This page describes how to build your own SH cross-compile toolchain using the crosstool package. This documentation is supplied AS IS, without any warranty for suitability, or direct or indirect damages that might be caused by the information here although, of course, if you find any mistakes, it would be nice if you corrected them.

Full documentation on crosstool can be found at its home page [WWW]

Where to get crosstool

Get crosstool at [WWW], the most recent version that's available which, at the moment, is crosstool-0.28-rc37. Don't bother with crosstool-0.27, that's too old to matter anymore, and the official release of crosstool-0.28 is allegedly imminent.

Furthermore, download and gunzip the tarball into a directory that will give you at least 1G (yes, that's 1 Gig) of build space underneath, since crosstool will generate a lot of temporary files in its build subdirectory. Note that this build space is separate from the actual eventual toolchain files -- you can arrange for those to be generated elsewhere.

Configuring the build files

As an example, assume you wanted to build a toolchain for an SH3. Once you unload the tarball, the files you would want to customize would be:

  1. sh3.dat


  3. sh3.config (if you care about optional kernel configuration)

which we can discuss one file at a time.

Configuring sh3.dat

The sh3.dat file specifies the build properties, including potential kernel config and glibc parameters. Here's an example:

TARGET_CFLAGS="-O -ml -m3"
GLIBC_EXTRA_CONFIG="--without-fp"    # if no FPU, you'll want to add this


This file identifies where you want the downloaded tool sources to be placed, and where you want the toolchain to be generated, which can be outside of the crosstool directory itself. In addition , you have to uncomment exactly one of the calls to, depending on which versions of the GNU tools you want to download and build from. A sample file:

set -ex
TARBALLS_DIR=$HOME/downloads         # set this to what you want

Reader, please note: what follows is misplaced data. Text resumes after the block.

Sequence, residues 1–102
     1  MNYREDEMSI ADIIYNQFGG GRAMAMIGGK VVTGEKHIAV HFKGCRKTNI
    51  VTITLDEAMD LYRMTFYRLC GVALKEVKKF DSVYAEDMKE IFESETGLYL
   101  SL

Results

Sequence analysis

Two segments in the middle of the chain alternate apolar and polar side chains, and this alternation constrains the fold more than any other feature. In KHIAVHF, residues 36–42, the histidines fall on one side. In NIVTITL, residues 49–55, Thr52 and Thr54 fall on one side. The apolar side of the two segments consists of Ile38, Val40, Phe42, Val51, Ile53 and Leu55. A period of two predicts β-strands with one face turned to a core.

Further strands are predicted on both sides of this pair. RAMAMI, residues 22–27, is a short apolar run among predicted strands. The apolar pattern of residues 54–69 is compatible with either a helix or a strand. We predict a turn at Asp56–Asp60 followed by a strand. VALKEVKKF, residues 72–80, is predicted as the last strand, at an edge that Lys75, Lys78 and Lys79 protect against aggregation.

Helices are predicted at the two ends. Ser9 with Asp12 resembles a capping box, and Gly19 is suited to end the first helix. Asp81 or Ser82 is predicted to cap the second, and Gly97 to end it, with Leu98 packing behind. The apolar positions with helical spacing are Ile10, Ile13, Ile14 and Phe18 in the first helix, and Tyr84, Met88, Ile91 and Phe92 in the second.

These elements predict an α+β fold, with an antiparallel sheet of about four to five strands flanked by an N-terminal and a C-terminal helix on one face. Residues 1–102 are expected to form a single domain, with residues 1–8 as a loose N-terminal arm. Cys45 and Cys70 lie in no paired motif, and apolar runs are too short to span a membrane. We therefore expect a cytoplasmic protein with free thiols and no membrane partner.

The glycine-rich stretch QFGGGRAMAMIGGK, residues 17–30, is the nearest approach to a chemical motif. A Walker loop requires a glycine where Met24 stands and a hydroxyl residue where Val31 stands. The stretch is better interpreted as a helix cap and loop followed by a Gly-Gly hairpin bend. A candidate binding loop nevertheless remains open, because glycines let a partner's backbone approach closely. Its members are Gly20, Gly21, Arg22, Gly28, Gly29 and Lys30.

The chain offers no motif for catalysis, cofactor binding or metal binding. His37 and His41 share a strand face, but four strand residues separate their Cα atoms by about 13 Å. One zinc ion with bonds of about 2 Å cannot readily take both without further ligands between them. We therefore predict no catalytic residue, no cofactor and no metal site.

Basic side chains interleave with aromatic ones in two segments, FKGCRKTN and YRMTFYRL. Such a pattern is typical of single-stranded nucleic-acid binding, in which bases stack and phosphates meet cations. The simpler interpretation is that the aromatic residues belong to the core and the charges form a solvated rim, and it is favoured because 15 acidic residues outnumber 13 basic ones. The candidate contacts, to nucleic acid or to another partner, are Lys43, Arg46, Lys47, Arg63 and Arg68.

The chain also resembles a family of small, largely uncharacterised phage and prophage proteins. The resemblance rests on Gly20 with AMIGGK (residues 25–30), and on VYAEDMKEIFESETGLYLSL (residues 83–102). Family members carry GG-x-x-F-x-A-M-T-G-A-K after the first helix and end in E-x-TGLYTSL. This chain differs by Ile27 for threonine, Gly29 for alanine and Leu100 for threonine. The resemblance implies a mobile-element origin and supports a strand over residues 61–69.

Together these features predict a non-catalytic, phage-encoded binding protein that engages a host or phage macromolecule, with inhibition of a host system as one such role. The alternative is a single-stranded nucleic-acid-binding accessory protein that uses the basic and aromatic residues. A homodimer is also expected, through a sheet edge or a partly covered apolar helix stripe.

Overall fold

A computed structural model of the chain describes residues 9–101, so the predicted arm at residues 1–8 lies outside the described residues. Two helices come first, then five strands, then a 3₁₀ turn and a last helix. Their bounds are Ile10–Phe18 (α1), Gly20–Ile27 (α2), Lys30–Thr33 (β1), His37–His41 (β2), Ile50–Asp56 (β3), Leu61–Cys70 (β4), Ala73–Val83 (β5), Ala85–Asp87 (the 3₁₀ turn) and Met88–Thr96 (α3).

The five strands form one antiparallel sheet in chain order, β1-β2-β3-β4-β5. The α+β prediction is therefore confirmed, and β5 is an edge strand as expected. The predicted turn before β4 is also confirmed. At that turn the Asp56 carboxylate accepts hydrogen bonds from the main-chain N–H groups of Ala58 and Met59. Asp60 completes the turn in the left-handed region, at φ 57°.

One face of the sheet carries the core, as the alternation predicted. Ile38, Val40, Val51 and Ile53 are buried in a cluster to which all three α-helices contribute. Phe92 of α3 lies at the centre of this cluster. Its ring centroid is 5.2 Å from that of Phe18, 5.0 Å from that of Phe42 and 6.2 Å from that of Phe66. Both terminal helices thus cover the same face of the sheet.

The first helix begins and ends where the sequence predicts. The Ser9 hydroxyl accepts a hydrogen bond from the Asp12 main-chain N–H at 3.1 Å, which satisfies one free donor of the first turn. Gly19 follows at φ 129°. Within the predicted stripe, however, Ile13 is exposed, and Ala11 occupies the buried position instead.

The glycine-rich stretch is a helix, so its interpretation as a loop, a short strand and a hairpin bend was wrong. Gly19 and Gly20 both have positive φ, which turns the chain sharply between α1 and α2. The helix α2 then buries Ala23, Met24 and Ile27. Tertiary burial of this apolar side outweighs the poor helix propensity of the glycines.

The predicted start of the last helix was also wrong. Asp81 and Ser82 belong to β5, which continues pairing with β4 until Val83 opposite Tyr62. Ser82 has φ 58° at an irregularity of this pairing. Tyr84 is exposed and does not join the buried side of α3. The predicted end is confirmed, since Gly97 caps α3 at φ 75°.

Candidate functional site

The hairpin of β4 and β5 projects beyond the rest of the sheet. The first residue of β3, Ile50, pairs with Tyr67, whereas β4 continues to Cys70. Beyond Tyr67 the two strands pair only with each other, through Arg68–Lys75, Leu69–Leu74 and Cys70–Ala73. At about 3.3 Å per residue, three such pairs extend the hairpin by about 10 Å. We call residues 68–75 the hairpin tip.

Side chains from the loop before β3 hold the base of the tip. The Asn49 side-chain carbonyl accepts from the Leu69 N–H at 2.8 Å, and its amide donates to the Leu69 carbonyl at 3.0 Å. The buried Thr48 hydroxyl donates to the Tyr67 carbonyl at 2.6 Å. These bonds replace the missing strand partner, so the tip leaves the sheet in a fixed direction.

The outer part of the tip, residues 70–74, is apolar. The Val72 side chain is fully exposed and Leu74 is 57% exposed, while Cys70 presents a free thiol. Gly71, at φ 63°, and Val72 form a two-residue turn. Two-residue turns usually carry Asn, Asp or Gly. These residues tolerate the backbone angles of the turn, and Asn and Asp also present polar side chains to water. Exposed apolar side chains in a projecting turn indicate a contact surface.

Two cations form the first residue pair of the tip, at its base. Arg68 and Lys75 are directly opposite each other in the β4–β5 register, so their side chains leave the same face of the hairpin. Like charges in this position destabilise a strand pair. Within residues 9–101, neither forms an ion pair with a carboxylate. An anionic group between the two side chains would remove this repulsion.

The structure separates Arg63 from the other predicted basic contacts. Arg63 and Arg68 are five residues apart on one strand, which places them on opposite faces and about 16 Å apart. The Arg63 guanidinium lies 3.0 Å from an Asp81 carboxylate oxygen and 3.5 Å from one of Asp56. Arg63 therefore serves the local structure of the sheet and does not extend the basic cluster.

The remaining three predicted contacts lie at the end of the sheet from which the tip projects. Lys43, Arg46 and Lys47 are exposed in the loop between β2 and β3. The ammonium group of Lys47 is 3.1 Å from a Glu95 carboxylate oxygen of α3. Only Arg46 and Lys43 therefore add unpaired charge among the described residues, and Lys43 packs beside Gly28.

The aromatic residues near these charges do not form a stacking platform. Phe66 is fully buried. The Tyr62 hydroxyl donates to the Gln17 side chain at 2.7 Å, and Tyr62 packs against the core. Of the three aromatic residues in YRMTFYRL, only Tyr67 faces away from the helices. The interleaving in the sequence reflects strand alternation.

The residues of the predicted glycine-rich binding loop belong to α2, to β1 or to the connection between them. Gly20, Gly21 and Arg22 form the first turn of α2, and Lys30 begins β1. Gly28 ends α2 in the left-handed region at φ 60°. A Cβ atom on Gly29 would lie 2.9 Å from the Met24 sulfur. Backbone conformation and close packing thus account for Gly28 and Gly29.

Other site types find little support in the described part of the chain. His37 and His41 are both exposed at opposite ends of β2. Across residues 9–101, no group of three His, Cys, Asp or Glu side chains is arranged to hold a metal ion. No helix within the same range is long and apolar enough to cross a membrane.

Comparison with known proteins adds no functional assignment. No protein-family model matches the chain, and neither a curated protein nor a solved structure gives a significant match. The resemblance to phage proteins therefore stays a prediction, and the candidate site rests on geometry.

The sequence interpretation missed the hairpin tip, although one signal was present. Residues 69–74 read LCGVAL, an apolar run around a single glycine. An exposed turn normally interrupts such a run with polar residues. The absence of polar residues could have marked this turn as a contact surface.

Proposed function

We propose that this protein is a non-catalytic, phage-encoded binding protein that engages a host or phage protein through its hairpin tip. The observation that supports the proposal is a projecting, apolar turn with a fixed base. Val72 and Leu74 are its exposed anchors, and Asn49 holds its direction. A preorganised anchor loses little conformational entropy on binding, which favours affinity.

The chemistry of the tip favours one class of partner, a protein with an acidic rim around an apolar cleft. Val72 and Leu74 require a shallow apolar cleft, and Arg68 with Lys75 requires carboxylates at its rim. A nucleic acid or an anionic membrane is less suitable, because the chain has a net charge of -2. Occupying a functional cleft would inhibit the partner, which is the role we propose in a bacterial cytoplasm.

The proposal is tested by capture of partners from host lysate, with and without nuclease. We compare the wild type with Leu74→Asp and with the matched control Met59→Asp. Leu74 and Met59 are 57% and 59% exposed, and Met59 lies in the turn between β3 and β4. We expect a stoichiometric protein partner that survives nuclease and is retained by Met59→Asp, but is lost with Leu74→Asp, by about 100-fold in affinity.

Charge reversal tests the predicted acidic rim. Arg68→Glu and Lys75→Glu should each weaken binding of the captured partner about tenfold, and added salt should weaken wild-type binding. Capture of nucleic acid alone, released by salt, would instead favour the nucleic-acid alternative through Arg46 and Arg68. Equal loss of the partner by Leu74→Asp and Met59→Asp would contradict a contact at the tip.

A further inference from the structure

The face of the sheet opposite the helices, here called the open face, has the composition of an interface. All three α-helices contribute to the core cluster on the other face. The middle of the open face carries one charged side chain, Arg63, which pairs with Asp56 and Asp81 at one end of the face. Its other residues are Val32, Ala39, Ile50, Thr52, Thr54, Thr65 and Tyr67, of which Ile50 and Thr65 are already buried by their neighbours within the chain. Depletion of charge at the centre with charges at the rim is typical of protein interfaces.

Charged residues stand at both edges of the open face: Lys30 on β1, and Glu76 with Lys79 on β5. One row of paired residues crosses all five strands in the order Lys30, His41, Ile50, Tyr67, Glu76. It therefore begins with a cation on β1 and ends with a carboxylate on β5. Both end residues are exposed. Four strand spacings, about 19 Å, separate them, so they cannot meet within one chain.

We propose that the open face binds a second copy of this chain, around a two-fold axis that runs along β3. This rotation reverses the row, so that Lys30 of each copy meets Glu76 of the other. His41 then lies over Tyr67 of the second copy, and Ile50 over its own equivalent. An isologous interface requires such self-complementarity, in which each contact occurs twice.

RESULT_TOP=$HOME/result              # same here
mkdir -p $RESULT_TOP
#eval `cat sh3.dat gcc-3.3.2-glibc-2.3.2.dat` sh --notest
#eval `cat sh3.dat gcc-3.3.3-glibc-2.3.2.dat` sh --notest
#eval `cat sh3.dat gcc-3.4.0-glibc-2.3.2.dat` sh --notest
 eval `cat sh3.dat gcc-3.4.1-glibc-2.3.3.dat` sh --notest
#eval `cat sh3.dat gcc-3.4.1-glibc-20040827.dat` sh --notest

You can see that this example will try to build a toolchain with gcc-3.4.1 and glibc-2.3.3, with the resulting toolchain itself being produced in the directory ${HOME}/result.

Doing the build

To perform the actual build, you just need to execute the appropriate script; in this case Because the underlying script requires that the LD_LIBRARY_PATH variable be unset, you have two choices. First, you can, of course, just unset and export that variable, then run the script:

$ export LD_LIBRARY_PATH=""
$ sh

As an alternative, you can unset that variable just for the duration of that single command with:


In either case, you can now go for lunch. Or dinner. When you get back, you should have the final toolchain in the "result" directory, at which point you can copy it elsewhere and set the appropriate PATH variable entries to pick up the actual executables.

NOTE: There was some debate as to whether you could relocate the generated toolchain directory after it had been built by crosstool. It seems to be possible with gcc versions gcc-3.x, but I'm not going to bet my life on it. Test it and see what happens.

last edited 2004-11-22 21:49:48 by